Best Marine Aluminum&Fiberglass Boat Paints

Posted by Author David Lee
This is our buyer's guide for selecting antifouling paint, also known as bottom paint for your boat and you know frankly it's a fairly complicated decision. It seems like a while ago all you had to do is choose the color, but now there are a variety of chemistry and biocides that you can choose from so the questions are a little bit more complicated. But in this brief guide, we'd like to show you how to select the right paint for your boat. Now first I ought to point out that there is a lot of good information both on the web and in resources like catalogs from manufacturers, where we've got advisors on it. And also you'll find that manufacturers produce boaters painting guides that are very very valuable too.

Are you painting over an aluminum hull or stern drive?

One question you have to get straight right off the bat is if you're painting a boat that has an aluminum sterndrive or is constructed out of aluminum. You got to be careful of the biocide that you use. Because if you use paints that contain cooper oxide it can attack the underwater aluminum and cause a lot of expensive repairs. In general, when you're painting a boat that has an aluminum bottom or an aluminum sterndrive you want to use paints that have copper thiocyanate or ink parathion, as the biocides, so that it will be galvanically compatible with your underwater aluminum.

Do you want bright colors?

It used to be that if you're selecting bottom paint for your boat you can have any color you wanted as long as it was a dark, red, or dark green, or a dark blue, or possibly black. And that's because the main biocide that was being used is copper oxide. Copper oxide actually works pretty well as a biocide but because it has an inherent color you don't get bright colors. So now we're using different biocides, that actually don't have an inherent color and so you can make the paint any color you want. So if you want to pure white or a yellow or a bright red or of any variety of colors, you can choose paints that don't use cooper’s oxide and that'll have some real pop. And incidentally, if you paint your bottom white it's really easy to see the growth so if you want to make sure that your bottom is clean before you go racing or before you go on some trip, you can just look underwater and see it very easily.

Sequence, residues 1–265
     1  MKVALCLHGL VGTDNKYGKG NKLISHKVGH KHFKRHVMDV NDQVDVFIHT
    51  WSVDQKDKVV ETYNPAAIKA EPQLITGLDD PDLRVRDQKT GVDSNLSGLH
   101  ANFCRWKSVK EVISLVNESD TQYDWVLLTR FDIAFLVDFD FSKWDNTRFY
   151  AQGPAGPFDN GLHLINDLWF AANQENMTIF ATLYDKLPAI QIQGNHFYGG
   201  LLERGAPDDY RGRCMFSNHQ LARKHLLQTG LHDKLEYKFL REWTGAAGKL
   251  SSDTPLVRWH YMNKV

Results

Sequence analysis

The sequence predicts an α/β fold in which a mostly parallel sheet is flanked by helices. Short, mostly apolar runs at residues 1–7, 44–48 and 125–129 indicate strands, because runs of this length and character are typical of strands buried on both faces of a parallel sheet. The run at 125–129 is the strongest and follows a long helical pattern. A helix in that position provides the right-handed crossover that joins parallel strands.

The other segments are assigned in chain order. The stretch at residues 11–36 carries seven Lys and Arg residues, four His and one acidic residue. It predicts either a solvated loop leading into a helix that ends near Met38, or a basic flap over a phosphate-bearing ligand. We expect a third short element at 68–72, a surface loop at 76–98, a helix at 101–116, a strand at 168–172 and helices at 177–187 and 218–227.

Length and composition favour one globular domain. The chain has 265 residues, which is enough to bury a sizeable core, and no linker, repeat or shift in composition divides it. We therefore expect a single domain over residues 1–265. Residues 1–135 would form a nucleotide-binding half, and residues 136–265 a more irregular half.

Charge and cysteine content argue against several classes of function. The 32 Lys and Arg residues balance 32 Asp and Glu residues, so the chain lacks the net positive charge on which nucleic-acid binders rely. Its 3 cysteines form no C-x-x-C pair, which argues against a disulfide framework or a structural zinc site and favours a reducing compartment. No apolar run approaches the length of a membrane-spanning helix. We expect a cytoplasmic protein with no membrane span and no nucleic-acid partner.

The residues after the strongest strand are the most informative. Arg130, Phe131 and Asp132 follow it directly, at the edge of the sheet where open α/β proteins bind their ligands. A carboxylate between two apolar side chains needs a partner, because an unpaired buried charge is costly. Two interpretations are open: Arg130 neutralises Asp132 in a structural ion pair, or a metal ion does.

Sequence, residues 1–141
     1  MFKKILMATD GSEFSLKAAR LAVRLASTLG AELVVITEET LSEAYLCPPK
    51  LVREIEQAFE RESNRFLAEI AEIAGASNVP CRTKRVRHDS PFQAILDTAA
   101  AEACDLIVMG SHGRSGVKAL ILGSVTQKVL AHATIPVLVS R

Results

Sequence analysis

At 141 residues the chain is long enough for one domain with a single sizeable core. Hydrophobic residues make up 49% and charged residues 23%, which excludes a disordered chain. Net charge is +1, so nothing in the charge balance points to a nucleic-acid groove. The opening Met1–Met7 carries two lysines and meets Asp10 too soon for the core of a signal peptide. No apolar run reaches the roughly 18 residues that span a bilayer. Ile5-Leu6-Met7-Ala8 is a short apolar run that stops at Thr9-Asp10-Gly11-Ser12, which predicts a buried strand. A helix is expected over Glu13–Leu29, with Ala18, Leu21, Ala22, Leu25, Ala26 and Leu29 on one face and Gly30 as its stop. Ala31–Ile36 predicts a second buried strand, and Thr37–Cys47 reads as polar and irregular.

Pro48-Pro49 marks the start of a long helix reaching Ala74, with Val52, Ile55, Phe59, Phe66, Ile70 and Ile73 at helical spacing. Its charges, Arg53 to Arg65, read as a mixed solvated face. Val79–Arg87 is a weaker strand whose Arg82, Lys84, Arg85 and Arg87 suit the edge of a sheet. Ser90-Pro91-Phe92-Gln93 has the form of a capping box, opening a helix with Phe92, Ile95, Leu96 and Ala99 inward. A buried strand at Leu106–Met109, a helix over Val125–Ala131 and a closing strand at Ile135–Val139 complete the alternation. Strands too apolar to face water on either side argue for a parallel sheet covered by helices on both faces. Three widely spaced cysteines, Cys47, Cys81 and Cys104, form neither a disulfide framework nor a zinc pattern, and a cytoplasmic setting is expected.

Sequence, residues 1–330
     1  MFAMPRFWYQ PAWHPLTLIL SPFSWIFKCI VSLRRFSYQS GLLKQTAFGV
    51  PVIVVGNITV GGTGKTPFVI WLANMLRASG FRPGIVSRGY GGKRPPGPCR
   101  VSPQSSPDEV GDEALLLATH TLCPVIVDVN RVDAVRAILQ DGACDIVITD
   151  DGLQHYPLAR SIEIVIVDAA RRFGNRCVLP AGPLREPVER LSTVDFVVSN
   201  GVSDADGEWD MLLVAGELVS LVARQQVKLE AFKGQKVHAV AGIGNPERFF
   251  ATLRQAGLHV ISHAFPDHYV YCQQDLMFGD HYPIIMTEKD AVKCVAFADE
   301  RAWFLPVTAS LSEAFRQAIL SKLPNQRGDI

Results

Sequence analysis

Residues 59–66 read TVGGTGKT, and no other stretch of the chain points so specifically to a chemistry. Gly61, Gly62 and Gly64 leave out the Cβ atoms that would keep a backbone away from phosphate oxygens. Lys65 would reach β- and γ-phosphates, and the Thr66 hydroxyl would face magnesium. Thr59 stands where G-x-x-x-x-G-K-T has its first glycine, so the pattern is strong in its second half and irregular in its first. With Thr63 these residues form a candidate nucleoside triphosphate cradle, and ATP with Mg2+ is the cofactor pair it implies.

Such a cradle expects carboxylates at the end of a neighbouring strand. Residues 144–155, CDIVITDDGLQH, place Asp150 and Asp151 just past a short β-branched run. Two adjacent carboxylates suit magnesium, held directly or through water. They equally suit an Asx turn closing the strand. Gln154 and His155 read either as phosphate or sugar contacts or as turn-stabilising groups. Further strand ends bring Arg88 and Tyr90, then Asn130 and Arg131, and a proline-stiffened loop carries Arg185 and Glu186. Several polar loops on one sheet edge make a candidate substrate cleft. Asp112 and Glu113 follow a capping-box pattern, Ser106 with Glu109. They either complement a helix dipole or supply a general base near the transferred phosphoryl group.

Are you in an area that restricts certain biocides?

Various harbors and states around the country are starting to legislate the kind of biocide that you can use on your bottom. Some of these are proposed out into the distance but some of them are more immediate. So if you're in an area that restricts a certain type of biocide, you'll want to select an alternate biocide. a classic example is a restriction on copper in certain areas. If you're in an area that restricts the use of copper consider using a paint that uses zinc almondine or possibly echinacea and zinc amandine as an alternative biocide.

Do you want to haul out over the winter without repainting?

If you live in an area where you haul out your boat over the winter but you don't want to repaint every spring, you might think about an ablative copolymer paint. The advantage of ablative copolymer paint is that when it's exposed to the air for long periods of time the paint doesn't lose its effectiveness. So you can haul it out in the fall, leave it out over the winter, and then just give it a wash down with soap and maybe a little light scotch brite to scratch the surface, put it back in the water and you're ready to go in the spring.

Copolymer ablatives that don’t deteriorate when exposed to air